Finance Minister Arun Jaitley on Monday introduced in Lok Sabha four bills on Goods and Services Tax, providing for a maximum GST rate of 40 per cent, an anti- profiteering authority and arrests for evading taxes.
With this, rollout of GST – the biggest tax reform since independence – has entered the last lap and its passage by Parliament will pave the way for integrating India as one market with one rate of tax replacing multiple state and central levies.
Jaitley introduced a Central Goods and Service Tax or CGST bill which will amalgamate all the indirect central government levies like sales tax, service tax, excise duty, additional customs duty (Countervailing Duty), special additional duty of customs, surcharges and cesses.
CGST provides for a maximum tax of 20 per cent.
Actual rates would however be a four-tier tax structure of 5, 12, 18 and 28 per cent as approved by the GST Council.
The peak rate of 40 per cent is only an enabling provision for financial emergencies.
A Union Territory GST Bill will take care of taxation in UTs of Chandigarh, Andaman and Nicobar Islands, Lakshadweep, Dadra and Nagar Haveli and Daman and Diu.
A Bill on Integrated-GST — to be levied and collected by the Centre on inter-state supply of goods and services, was also introduced in the Lok Sabha.
The IGST law provides for a maximum tax of 40 per cent.
Jaitley also introduced a fourth legislation called GST (Compensation to States) Bill, 2017 that provides for mechanism for making good any loss of revenue of states from introduction of GST in first five years of rollout.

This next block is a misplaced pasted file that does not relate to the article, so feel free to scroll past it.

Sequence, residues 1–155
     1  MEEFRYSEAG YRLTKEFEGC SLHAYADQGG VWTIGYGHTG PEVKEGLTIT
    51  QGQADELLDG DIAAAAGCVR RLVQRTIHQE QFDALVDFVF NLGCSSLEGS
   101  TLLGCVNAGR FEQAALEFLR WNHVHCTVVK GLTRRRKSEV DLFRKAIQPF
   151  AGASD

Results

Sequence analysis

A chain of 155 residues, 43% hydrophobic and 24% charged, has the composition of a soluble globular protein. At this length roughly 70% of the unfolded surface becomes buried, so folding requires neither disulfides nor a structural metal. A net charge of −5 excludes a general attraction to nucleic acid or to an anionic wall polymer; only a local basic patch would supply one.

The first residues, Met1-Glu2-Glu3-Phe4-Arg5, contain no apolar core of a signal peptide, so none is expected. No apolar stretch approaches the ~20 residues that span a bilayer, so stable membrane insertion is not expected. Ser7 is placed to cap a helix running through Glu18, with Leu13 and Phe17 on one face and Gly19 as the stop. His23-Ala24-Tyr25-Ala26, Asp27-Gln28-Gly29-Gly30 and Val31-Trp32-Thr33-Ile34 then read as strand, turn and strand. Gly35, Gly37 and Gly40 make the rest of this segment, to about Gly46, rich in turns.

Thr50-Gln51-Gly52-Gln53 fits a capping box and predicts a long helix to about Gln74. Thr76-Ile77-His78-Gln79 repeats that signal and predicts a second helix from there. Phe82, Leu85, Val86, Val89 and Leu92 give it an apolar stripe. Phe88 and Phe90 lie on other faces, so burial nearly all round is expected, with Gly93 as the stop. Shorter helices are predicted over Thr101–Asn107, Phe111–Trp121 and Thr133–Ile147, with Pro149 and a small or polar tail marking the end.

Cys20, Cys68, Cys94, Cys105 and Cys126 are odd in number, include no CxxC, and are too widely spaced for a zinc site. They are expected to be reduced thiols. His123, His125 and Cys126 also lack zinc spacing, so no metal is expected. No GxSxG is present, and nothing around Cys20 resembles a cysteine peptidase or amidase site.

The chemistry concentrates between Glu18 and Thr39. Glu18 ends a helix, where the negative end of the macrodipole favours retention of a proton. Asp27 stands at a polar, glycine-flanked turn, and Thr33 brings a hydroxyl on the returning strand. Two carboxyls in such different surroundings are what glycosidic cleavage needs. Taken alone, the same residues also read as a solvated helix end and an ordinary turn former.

These four bills will be taken up for discussion together.
Another mirror legislation of CGST, called State-GST, will amalgamate all state taxes like VAT, will be levied by states and has to be approved by all state legislatures.
Together, CGST and SGST will enable the GST incidence of 40 per cent. GST will not apply to Jammu and Kashmir.
The CGST Bill also provides for e-commerce companies to collect tax at source at a rate not exceeding 1 per cent of net value of taxable supplies, out of payments to suppliers supplying goods or services through their portals.
To protect small businesses, the CGST provides for a tax of no more than 1 per cent of turnover for manufacturers with annual turnover of up to Rs 50 lakh. A 2.5 per cent tax is prescribed for suppliers.
To ensure that benefit of lower taxes is passed on to consumers, an anti-profiteering measure has been incorporated in the law.
It provides for constituting an Authority to examine whether input tax credits availed by any registered taxable person, or the reduction in the price on account of any reduction in the tax rate, have actually resulted in a commensurate reduction in the price of the said goods and/or services supplied by him.
The law provides for arrest, ordered by no less than a Tax Commissioner, in case of suppression of any transaction or evading taxes. A person convicted is punishable by up to 5 years of imprisonment and/or fine.